Keratoconus is a slowly progressive, non-inflammatory ectatic corneal disease that affects the corneal collagen structure and organization. Though the exact reason for keratoconus is still unclear, it usually appears at early puberty and might be progressive until the 3rd or 4th decade of life. Keratoconus is usually bilateral, but progression could be asymmetrical. Ocular allergies and eye rubbing secondary to atopy are believed to be associated with a higher incidence of keratoconus, along with other few systemic and ocular disease conditions.
In a South Asian country like Bangladesh, awareness and logistics of keratoconus diagnosis are very important. Because not all patients have the classical signs of keratoconus. So, when a young patient comes with myopic astigmatism, has a history of repeated change of glass power in the recent past, and vision cannot be refracted to 20/20, there should always be screening for keratoconus for that patient.
Once keratoconus is diagnosed, the treatment will depend on the progression and severity. So, determining if this is progressive or non-progressive is the first part of the management. Also, patients need to be empathetically counseled about the disease and should be convinced for long-term follow-up. Patient age, ocular allergies, eye rubbing, corneal steepening and its location, and best corrected vision all play a role in understanding the progression.
When there is a high risk of progression, it is advised to go for Collagen Cross Linkage (CXL) first. Studies show that CXL stops the progression in 90% of cases. This is for mild to moderate keratoconus, but CXL has limitations in advanced cases and also won’t work when hydrops or any scar is present in the cornea.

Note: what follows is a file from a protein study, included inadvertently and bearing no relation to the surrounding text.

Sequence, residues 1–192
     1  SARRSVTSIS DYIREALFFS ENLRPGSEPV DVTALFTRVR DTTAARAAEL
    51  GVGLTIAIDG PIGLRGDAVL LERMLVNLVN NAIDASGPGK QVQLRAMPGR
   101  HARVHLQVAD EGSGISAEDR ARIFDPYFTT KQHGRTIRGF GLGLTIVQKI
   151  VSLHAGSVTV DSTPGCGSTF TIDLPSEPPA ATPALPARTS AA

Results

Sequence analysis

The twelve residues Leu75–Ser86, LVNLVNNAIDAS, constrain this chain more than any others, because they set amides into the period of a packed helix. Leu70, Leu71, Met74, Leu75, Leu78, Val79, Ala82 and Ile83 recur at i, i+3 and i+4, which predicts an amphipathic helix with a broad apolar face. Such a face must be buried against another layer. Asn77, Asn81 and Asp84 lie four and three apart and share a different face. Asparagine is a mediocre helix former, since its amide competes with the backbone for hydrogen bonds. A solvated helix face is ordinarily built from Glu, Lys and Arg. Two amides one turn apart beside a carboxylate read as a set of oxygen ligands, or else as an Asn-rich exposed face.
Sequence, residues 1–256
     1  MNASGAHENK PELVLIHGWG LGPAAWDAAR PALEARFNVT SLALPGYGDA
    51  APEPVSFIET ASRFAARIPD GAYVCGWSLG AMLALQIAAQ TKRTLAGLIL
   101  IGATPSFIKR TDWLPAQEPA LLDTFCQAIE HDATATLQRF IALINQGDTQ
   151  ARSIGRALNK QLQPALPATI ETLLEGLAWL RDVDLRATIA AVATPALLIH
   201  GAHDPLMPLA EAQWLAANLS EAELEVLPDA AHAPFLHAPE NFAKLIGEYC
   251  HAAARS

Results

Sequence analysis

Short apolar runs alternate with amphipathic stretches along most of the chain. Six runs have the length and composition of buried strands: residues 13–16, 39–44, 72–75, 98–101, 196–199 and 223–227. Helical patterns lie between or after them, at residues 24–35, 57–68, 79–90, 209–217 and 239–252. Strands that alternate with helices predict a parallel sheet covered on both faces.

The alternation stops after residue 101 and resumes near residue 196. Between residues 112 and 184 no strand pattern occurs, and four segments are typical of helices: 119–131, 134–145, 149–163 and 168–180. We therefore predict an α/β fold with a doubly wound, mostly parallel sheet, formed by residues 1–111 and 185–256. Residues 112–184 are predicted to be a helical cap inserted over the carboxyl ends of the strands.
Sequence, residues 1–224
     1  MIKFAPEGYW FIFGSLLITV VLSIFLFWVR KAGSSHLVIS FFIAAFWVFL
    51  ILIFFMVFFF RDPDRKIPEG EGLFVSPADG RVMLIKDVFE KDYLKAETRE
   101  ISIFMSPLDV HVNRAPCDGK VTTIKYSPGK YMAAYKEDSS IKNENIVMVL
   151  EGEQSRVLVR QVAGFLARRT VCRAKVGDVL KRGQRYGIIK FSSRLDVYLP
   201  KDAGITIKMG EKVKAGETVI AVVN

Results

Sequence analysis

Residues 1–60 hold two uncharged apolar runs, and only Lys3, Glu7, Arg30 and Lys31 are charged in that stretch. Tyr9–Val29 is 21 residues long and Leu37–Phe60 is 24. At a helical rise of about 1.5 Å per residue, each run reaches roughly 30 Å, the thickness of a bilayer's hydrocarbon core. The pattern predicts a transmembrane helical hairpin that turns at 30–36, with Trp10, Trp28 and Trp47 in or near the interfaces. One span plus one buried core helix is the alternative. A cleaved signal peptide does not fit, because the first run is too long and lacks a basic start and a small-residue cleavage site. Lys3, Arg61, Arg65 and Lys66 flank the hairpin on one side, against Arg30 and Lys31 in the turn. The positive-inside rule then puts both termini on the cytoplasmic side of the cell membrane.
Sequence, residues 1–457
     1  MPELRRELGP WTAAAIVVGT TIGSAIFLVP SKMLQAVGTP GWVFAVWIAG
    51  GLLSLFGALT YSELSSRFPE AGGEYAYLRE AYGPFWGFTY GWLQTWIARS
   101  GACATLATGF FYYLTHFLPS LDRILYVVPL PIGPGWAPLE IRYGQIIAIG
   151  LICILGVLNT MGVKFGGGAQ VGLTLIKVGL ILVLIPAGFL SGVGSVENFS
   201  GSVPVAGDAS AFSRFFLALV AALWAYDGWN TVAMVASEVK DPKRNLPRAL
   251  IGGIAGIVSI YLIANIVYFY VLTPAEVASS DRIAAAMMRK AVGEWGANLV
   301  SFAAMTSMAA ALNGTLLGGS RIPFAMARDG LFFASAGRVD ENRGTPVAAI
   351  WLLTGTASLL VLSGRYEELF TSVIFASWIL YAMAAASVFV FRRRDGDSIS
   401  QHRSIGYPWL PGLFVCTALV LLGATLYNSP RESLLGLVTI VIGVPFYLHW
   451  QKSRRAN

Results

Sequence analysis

In low risk of progression cases, when patients have good vision with glasses or contact lens, we observe the patient and advise for regular follow-up. Scleral contact lens is always better for keratoconus patients for visual rehabilitation.
CXL only stops the progression, while scleral contact is the first choice for visual rehabilitation for post-CXL or low risk progression patients. Patient education for proper using and storing of scleral contact lens is also an important part to consider.
Topography guided PRK with CXL can be considered in patients who have no documented progression and have significant higher order aberrations not corrected with contact lens.
Toric Implantable contact lens is another option for visual rehabilitation with careful measurement of corneal toricity and best corrected vision, in no progression cases.
In early to moderate keratoconus, Intra Corneal Ring Segment (ICRS) is one option of treatment when corneal thickness is 450 microns in the central 6 mm zone. In the very thin cornea, in hydrops or post-hydrops scar, planning for cornea transplantation is the treatment. Deep Anterior Lamellar Keratoplasty (DALK) is the choice for keratoconus management, but Penetrating Keratoplasty (PK) is always an option depending on the status of host cornea. Many times, keratoplasty induces unpredictable toricity and needs to be adjusted with scleral contact lens.
Early diagnosis and management are the key to preserve vision and enhance the quality of life for those living with keratoconus.
In Bangladesh, there are few ophthalmologists and hospitals where you get Keratoconus treatment facilities. Dr. Ashraful Huq is one of them who does every treatment protocol of Keratoconus. He is trained in Keratoconus treatment from abroad and participated many courses, conferences on Keratoconus. At the Keratoconus Clinic Dr. Ashraful Huq has all the latest technology for your Keratoconus treatment.